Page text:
There is often great joy and immense satisfaction in being a father, but it is not always easy. A myriad of activities and pressures compete for a father’s time and sadly they occasionally win out over parental commitments. Ken Canfield, president of the National Center for Fathering, illustrates this reality with the following story.
Don, who spent much time on the road for his career, called home from his car one evening. His nine-year-old daughter Tasha answered and after speaking with her just briefly, he said, “Honey, could you get your mom, on the phone, please?” As Tasha was passing the phone to her mother, Don heard her blurt out, “Hey mom, the invisible man is on the phone!” Don, rather than being annoyed with his daughter, was disappointed with himself, and the event resulted in his deciding that being a dad was more important than achieving success at his job.
A lot of families simply don’t have a live-in father anymore. And while I adamantly disagree, some are suggesting it really doesn’t make very much difference. Statistical reports on fatherhood have been grim for some time. One report, from several years ago, stated that in a survey of 1,600 adult men, more than 50 per cent said that their fathers were emotionally absent from them while they were growing up. Another survey indicated that only 34 per cent of adult males considered their fathers to be positive role models. Psychologist James Dobson reported that the average father spends less than one minute each day in face-to-face conversation with his children.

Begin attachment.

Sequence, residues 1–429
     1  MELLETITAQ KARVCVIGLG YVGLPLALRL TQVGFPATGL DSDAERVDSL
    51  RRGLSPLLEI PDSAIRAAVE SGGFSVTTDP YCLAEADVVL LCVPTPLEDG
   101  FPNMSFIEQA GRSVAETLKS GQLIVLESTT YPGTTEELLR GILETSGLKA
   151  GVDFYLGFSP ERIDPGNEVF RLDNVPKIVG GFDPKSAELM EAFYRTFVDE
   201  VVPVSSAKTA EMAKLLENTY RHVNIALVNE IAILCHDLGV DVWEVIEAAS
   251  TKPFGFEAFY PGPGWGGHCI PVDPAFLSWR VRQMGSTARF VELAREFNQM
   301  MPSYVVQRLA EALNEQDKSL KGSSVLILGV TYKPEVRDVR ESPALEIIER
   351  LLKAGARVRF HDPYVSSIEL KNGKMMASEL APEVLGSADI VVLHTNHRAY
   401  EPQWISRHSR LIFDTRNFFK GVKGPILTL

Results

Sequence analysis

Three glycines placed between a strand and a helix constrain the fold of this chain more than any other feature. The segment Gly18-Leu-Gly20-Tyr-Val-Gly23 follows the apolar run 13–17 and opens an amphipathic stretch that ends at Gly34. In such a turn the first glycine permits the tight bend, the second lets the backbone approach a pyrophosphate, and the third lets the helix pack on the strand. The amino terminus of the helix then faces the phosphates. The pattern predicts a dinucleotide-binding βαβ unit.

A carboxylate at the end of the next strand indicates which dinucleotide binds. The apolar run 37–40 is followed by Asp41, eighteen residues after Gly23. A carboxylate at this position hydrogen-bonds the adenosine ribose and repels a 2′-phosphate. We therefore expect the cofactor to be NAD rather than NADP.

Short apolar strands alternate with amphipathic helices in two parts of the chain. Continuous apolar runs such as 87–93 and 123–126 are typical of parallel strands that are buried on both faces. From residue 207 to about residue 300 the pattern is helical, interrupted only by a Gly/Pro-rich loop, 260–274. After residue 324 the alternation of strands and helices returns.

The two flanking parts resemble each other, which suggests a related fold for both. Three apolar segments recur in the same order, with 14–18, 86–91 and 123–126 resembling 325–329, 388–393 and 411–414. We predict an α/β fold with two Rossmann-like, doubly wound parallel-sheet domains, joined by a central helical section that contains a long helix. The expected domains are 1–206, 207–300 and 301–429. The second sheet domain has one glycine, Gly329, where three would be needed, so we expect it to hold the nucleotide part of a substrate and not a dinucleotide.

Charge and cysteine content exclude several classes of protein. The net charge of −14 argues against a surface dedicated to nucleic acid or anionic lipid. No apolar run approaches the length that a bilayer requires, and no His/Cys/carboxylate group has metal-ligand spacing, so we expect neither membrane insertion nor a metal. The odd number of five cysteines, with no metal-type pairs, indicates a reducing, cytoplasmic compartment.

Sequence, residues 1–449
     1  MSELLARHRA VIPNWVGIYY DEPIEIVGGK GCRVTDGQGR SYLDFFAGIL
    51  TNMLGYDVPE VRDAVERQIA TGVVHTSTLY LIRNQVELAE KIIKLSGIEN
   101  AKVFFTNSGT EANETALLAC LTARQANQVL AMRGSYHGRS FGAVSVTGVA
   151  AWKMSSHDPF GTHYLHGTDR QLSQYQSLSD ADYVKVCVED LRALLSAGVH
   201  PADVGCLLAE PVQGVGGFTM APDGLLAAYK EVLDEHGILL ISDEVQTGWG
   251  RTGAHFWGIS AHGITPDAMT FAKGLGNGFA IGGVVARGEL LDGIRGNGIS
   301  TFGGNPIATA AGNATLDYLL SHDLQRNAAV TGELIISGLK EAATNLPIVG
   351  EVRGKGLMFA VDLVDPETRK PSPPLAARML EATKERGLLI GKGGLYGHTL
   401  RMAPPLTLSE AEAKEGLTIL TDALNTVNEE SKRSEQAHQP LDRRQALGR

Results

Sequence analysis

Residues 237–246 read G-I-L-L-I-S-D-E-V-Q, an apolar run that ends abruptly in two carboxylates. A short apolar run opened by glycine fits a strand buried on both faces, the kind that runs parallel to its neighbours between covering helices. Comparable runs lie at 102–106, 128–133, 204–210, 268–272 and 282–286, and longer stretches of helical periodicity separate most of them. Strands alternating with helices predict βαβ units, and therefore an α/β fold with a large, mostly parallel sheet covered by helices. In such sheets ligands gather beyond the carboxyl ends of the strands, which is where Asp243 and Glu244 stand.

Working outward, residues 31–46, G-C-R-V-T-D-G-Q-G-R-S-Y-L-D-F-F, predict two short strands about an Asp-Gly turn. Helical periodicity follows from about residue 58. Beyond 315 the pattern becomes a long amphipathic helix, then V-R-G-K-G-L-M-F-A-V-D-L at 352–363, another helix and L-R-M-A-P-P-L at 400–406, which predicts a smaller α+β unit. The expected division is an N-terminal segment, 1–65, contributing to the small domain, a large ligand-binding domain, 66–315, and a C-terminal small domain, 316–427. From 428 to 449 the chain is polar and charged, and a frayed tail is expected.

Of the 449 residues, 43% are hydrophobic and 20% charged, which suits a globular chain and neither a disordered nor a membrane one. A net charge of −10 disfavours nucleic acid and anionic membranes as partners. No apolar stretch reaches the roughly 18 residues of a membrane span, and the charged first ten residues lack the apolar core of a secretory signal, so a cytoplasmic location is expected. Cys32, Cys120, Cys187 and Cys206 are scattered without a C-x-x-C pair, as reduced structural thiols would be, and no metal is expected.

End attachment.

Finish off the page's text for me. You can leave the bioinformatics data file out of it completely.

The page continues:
Well, that’s enough negativity for now. What is a father to do? Ken Canfield, whom I mentioned earlier, wrote a book in 1996 entitled The Heart of a Father. He said there are three things that dads need to be good fathers. First, he said fathers need to resolve the relationship with their own father. Second, he said that dads are responsible for making a house a home. Finally, he said good fathers need to plan for the future.
Biblically speaking, I have my own three tips for fathers. The first is to invoke our children gently rather than with harshness or ridicule. “Fathers, do not provoke your children to wrath… .” (Ephesians 6:4)
Second, use all possible time available, both quantity and quality, employing every day circumstances and experiences, along with the Bible, to guide and teach children. Life may not be a walk in the park, but a walk in the park will tell us a lot about life … and God.
Third, teach children about God and His ways. “Raise them (children) tenderly in the training and discipline and the council and admonition of the Lord.” (Ephesians 6:4)
And by the way, Happy Father’s Day!